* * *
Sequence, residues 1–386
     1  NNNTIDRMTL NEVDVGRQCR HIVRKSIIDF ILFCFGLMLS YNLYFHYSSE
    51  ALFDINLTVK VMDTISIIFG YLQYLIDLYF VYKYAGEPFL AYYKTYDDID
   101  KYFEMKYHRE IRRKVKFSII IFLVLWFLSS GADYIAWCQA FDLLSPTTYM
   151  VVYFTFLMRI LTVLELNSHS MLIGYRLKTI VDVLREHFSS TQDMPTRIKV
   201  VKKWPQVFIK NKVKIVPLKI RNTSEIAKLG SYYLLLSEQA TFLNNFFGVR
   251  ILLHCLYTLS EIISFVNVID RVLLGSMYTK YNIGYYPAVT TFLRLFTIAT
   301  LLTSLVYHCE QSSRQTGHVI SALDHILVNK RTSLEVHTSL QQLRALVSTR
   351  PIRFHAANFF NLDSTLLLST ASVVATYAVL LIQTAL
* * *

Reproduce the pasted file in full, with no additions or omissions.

Sequence, residues 1–386
     1  NNNTIDRMTL NEVDVGRQCR HIVRKSIIDF ILFCFGLMLS YNLYFHYSSE
    51  ALFDINLTVK VMDTISIIFG YLQYLIDLYF VYKYAGEPFL AYYKTYDDID
   101  KYFEMKYHRE IRRKVKFSII IFLVLWFLSS GADYIAWCQA FDLLSPTTYM
   151  VVYFTFLMRI LTVLELNSHS MLIGYRLKTI VDVLREHFSS TQDMPTRIKV
   201  VKKWPQVFIK NKVKIVPLKI RNTSEIAKLG SYYLLLSEQA TFLNNFFGVR
   251  ILLHCLYTLS EIISFVNVID RVLLGSMYTK YNIGYYPAVT TFLRLFTIAT
   301  LLTSLVYHCE QSSRQTGHVI SALDHILVNK RTSLEVHTSL QQLRALVSTR
   351  PIRFHAANFF NLDSTLLLST ASVVATYAVL LIQTAL